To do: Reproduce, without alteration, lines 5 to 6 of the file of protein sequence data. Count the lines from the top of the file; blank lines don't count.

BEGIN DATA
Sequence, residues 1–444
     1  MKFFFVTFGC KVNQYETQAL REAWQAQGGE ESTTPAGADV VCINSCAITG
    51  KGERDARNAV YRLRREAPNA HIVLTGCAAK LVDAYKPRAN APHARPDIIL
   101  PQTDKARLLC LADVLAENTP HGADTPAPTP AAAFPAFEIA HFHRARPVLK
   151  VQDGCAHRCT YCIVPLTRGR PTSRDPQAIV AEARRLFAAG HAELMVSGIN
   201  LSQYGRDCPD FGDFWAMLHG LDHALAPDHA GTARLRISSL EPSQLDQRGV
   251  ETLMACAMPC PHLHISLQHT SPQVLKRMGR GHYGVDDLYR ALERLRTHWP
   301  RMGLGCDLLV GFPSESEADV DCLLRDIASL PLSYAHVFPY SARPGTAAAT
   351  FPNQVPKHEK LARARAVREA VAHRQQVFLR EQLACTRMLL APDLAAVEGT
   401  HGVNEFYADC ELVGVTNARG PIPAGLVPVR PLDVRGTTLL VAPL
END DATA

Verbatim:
   151  VQDGCAHRCT YCIVPLTRGR PTSRDPQAIV AEARRLFAAG HAELMVSGIN
   201  LSQYGRDCPD FGDFWAMLHG LDHALAPDHA GTARLRISSL EPSQLDQRGV